Dear Reader,

Greetings! I’m thrilled to announce Heart of Venom, the ninth book in my Elemental Assassin urban fantasy series. Heart of Venom is a fast-paced rollicking read full of magic, action, adventure, danger, and even a little romance, just like Spider’s Bite, Web of Lies, Venom, Tangled Threads, Spider’s Revenge, By a Thread, Widow’s Web, and Deadly Sting, the other books in the series.

Heart of Venom focuses on Gin Blanco, an assassin codenamed the Spider who can control the elements of Ice and Stone. When she’s not busy killing people and righting wrongs, Gin runs a barbecue restaurant called the Pork Pit in the fictional Southern metropolis of Ashland. The city is also home to giants, dwarves, vampires, and elementals – Air, Fire, Ice, and Stone.

Here’s a little more about Gin:

When I say you’re a dead man, take that literally.

To me, killing people is like a day at the salon: cut and dry. Well, more like rinse and repeat when you moonlight as the assassin the Spider. But my last spa day ended redder than my freshly painted nails after a twisted Fire elemental and his goons kidnapped my close friend Sophia Deveraux and nearly killed her sister Jo-Jo in the process.

Up Ashland’s most dangerous mountains, and deep into the heart of its blackest woods — I’ll track these thugs no matter where they take Sophia. It doesn’t matter what kind of elemental magic they try to throw at me, my Ice and Stone powers can take the heat and then some. I will get Sophia back, over their dead bodies.

Because anybody that hurts Gin Blanco’s family becomes a body.

A strong, sassy heroine, lots of magic/world building, action scenes, and even some romance – the Elemental Assassin books have all that and more.

Here’s what some folks are saying about the Elemental Assassin series:

“This series kicked off with a bang, and the action hasn’t let up since.”
Fresh Fiction

“One of my favorite urban fantasy series.”
Paranormal Haven

“Gin Blanco is one of the most intriguing heroines on the scene. . . . If you have not gotten on the Gin bandwagon yet, do so today!”
RT Book Reviews

To read the first chapters of each of the books, as well as several free Elemental Assassin short stories, visit the Excerpts page of my website at http://www.jenniferestep.com. You can also check out my blog on the site and sign up for my free monthly e-newsletter, which is full of my latest news.

You can also follow me on these sites:
Facebook fan page: http://www.facebook.com/JenniferEstepAuthor?ref=ts&fref=ts
Goodreads: http://www.goodreads.com/author/show/580315.Jennifer_Estep
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Happy reading!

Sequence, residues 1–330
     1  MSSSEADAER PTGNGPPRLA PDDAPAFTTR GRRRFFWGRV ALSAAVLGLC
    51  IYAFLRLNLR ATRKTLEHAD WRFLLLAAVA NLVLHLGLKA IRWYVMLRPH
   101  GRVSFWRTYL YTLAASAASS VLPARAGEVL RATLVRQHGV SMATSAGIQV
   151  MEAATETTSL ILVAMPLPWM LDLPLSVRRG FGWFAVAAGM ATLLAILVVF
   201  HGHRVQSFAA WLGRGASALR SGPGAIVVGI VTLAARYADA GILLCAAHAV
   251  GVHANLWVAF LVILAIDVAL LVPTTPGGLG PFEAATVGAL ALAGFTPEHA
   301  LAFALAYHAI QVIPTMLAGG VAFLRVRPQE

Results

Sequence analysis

Jennifer Estep



Excerpt from Heart of Venom

©Jennifer Estep


Jo-Jo noticed me frowning, and she leaned over and patted my hand. “Don’t worry, darling. It’s probably nothing. Sometimes, I take these spells where it seems like something bad is going to happen at any second. Most of the time, it turns out to be nothing more than a little bit of heartburn.”

Despite her words, her clear eyes grew cloudy and troubled once again. “I’ll just … I’ll be glad when Sophia’s here.”

Like Roslyn, Sophia was running a little late this morning since she’d wanted to get rid of the two dead giants in the cooler near the Pork Pit. I’d given all the restaurant staff the day off with pay, so both Sophia and I could enjoy our time at the salon. I’d told Sophia that the giants’ bodies could wait another day, or at least until after our salon time, but she had insisted that she was going to dispose of them this morning. Or maybe she was simply being practical. Odds were that someone else would jump me at the Pork Pit sometime in the next few days, and, well, that cooler could only hold so many bodies. As it was, Finn and I had had to pack the two giants in like the pieces of a jigsaw puzzle, carefully fitting them together, just so we could close the lid and lock the cooler.

Sophia had disposed of dozens of bodies for me and for my mentor, Fletcher Lane, before I’d taken over the assassination business from the old man. She could handle two dead giants with her eyes blindfolded and one hand tied behind her back. But Jo-Jo looked so worried that I wrapped my hand around hers and gave it a gentle squeeze, careful not to smear the polish that she’d put on my nails.

“Do you want me to call Sophia and see where she’s at?”

Jo-Jo shook her head. “No, that’s all right. Like I said, it’s probably just heartburn. I think I had one too many cups of Finn’s chicory coffee this morning. That stuff will knock your teeth plumb out of your mouth, it’s so strong.”

She gave me a chipper smile, grabbed the plastic tub, put it on her lap, and started sorting through the many bottles of nail polish. Jo-Jo held up first one pink, then another, trying to find one that she thought that Bria might like, but the cheery colors did little to brighten my mood.

Maybe it was the way that Jo-Jo’s sculpted eyebrows were pinched together in worry or maybe it was how quickly her smile slipped back into a frown when she thought that I wasn’t looking at her anymore. I couldn’t see the future like she did, but Jo-Jo had been right about too many things in the past for me to dismiss her dread as nothing more than caffeine overload. If she thought something ominous was gathering on the horizon, then no doubt the wind was blowing storm clouds in our direction right now.